Goes In and Out of Overdrive and burns up the Transmission!

We recently purchased a 1991 Minnie Winnie (Winnebago) which rests on a 1990 Ford E350 chassis. It only has 58k miles. While driving on the freeway or highway, the Overdrive starts to go in and out; downshifting and upshifting willy nilly. It has a manual button for turning off the Overdrive and when I do this, it stops jerking and drives smooth. But, of course, this effects the gas mileage significantly. I took the Minnie to a garage recommended by the company I purchased the Minnie from. They replaced the manual Overdrive switch and replaced the transmission with a rebuilt Ford transmission. We got it back and it was okay for one trip but by the second trip, it was doing the same thing again. I took it back to the garage and since it was under warranty, they put in a new rebuilt transmission, another new Overdrive switch, a new fuel sensor and checked the wiring but it still had the same problem. So they sent the onboard computer board to Ford who rebuilt it. The guys at the garage thought for sure this would resolve the problem. It didn’t. They have exhausted their ideas as to what is causing this problem. We love the Minnie Winnie and other than this problem it is in beautiful condition. What do we do now? HELP!

You need a new mechanic.

First clarify what you mean by “overdrive” - in an auto transmission it is typically 4th gear. But sometimes people mean the torque converter clutch (TCC). How far up and down are the RPMs going?

I don’t know this transmission or engine or its systems. But the transmission “decides” what to do based on what the engine is doing or what you are doing with it. E.g. a faulty brake light switch can make a transmission go in and out of TCC lockup. So too can a faulty throttle position sensor, or a vacuum issue or other things as well. These characters apparently know how to R&R a transmission, but are clueless as to how to diagnose one. Your problem is apparently in engine/trans management rather than in the transmission itself.

At what speed does this occur?? I’m betting 40-50 mph…What is the elevation where you live/travel…

Welll your Winnie is too heavy to be using overdrive, (in many conditiions), so it is normal to downshift and then to upshift when it gets back up to speed. That is why the “overdrive lockout button” is there. Yes you might use more gas but it could save the transmission. There probably wasn’t anything wrong with the overdrive switdh, and maybe nothing wrong with the transmission. A vehicle that large really has no business with an overdrive.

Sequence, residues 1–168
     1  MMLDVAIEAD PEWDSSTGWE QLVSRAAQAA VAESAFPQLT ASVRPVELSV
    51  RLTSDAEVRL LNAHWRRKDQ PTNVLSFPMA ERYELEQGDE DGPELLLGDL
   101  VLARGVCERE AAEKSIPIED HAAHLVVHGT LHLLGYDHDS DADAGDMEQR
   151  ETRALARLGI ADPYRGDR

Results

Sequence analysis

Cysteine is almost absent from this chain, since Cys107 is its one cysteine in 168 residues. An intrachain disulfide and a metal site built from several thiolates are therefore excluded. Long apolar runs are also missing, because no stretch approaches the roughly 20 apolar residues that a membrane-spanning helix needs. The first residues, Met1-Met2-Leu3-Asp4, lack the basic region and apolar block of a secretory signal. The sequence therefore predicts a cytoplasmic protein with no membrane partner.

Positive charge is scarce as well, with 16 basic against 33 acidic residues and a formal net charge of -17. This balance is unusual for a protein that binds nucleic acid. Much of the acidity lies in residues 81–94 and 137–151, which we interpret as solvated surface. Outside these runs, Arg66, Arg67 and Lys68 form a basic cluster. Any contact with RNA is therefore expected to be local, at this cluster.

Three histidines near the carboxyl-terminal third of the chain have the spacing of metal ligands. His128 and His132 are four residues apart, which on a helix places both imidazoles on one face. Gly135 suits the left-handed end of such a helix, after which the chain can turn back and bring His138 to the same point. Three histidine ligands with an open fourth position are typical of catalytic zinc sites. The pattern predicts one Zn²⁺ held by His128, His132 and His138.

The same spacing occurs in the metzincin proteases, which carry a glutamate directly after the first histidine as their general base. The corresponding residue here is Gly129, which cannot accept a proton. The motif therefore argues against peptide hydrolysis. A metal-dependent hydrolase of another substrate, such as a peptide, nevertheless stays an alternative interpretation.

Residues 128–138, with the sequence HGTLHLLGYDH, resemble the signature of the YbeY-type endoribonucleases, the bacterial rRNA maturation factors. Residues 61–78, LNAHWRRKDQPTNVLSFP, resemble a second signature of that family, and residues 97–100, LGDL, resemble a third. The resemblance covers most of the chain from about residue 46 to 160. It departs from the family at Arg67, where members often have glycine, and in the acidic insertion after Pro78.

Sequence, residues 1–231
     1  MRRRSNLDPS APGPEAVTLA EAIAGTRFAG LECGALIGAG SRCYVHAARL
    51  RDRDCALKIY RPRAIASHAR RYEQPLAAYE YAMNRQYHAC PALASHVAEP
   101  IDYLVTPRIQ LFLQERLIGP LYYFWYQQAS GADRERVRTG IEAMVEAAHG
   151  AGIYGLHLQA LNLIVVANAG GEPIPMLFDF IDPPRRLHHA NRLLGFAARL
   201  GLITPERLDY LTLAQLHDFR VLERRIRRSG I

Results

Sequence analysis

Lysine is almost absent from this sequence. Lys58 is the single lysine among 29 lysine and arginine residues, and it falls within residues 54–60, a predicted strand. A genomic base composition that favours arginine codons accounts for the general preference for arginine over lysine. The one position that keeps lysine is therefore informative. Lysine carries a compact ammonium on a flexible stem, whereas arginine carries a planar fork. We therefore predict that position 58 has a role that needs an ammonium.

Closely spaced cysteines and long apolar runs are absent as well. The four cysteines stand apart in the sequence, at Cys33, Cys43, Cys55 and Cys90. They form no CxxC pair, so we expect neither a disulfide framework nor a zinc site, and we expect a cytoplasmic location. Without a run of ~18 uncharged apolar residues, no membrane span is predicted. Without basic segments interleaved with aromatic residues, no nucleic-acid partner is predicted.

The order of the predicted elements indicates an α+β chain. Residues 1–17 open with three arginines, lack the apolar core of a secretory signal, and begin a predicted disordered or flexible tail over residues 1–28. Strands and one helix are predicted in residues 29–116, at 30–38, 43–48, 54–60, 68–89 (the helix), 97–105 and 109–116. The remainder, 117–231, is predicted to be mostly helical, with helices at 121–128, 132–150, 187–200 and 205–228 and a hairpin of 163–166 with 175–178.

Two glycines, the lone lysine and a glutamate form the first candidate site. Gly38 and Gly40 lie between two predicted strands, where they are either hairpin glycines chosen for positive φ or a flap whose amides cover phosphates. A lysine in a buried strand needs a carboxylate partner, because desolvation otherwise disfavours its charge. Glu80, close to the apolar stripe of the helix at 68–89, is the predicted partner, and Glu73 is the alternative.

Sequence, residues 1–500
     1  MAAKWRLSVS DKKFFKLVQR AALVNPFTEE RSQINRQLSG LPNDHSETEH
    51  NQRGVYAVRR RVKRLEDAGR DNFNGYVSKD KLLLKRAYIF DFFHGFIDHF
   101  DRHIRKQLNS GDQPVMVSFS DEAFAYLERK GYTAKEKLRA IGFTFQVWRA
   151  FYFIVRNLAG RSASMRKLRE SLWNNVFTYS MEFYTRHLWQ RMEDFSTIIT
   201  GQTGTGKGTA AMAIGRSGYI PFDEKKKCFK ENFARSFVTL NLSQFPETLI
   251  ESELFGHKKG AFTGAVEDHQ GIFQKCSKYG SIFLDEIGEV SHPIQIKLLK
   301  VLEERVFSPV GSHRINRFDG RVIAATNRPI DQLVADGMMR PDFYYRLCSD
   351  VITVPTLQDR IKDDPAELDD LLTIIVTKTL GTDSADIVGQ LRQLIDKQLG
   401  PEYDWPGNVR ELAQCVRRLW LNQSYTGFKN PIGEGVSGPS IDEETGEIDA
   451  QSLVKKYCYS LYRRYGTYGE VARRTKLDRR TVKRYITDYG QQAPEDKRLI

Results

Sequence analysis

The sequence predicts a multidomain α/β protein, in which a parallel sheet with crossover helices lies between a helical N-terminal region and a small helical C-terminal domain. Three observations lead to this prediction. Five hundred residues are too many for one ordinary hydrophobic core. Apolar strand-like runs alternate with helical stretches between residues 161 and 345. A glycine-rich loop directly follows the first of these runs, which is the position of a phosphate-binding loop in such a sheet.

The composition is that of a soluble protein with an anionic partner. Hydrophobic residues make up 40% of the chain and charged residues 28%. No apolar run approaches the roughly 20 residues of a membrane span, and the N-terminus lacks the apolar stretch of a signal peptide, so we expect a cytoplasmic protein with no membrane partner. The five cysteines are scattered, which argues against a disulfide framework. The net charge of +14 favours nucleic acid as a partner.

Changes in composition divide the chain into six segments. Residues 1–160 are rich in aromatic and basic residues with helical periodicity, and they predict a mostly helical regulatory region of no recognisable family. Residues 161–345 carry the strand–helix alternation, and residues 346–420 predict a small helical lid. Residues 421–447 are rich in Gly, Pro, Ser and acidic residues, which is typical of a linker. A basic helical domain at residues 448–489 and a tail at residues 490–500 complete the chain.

I’m with Elly and Caddy. Older vehicles use chassis that often were not designed to run in overdrive under load.The dump truck I use for deliveries has an overdrive you use only when unloaded. With the Winnie, I believe you are perpetually loaded. To me it’s that simple. You want to conserve fuel while in a lower gear? Your solution may be to just drive slower. Use OD only in conditions that it doesn’t hunt…level ground and slight down grades where speed build up is not an issue. I googled that the base engine is 5.8L with only 200 hp. That tells you that even the optional may still be whoefully under powered for your use and speeds you travel.

The issue here is not whether the vehicle should have an overdrive or not but whether the overdrive is working properly. This transmission can handle pulling this vehicle in overdrive. There are still questions that need to be answered such as: has the shop scanned for codes?? Has the shop checked cooler operation and flow ?? Is this an intermittent problem ??


Another thing to check…Low power output from the engine, low engine vacuum, will cause the transmission to “hunt”…

Even if the overdrive is working properly, it will downshift and upshift all day long, so overdrive should be locked out!!

Caddyman, You are so right. I can’t count how many times I have had people so sure that they have a bad transmission whether they have mis diagnosed it themselves or had a mechanic mis diagnose it, pull it, and bring it to me only for me to tear it down and find nothing wrong. It’s always wise to have a drivability guy give it a once over before condemning the transmission.

Ellis: Are you saying to lock out overdrive all the time?? Just forget about it?? Even on the highway??


That E-350 stripped chassis had one of the earliest iterations of the E40D and had aq non-repogrammable PCM (12A650). There were many program changes made such as line pressure control and default shifts, etc. I’d definitely recommend canning the original if it is still on there. It really needs to have an Aux ( air cooled) cooler in addition to the engine radiator heat exchanger. This chassis would also have a 7.5L with a notable reputation of melting the inner wall of the double-walled “Y” pipe shut. Catlysts were also frequently melted. Indofar as the transmission mechanicals… The original was E9TA-7000-XXX was completely upgradable to dependable levels. But, ake no mistake ablut it, that E9 level was absolutlely a POS. Most every componenet in ti would be replaced to bring it up to date costing far more than an already an update FMC rebuilt…so, good choice on that. f,I it is indeed upgaded completly including the PCM, you can let the O/D cycle as much as it wants…obnoxcious, but innocuous. The “real” problem is the torque converter clutch which like EVERY other American-engineered TC clucth is completely inadequate…anyhow, they aren’t that way any more…it took nearly 10 years for the US Mfgs to produce quality and durable autos… GM and Chrysler gave up on the HD (diesel) units and subbed them out. It was a pretty poor run in thiose years…maintenance pretty much niot required because the unit would never last long enough to warrant it… Enjoy.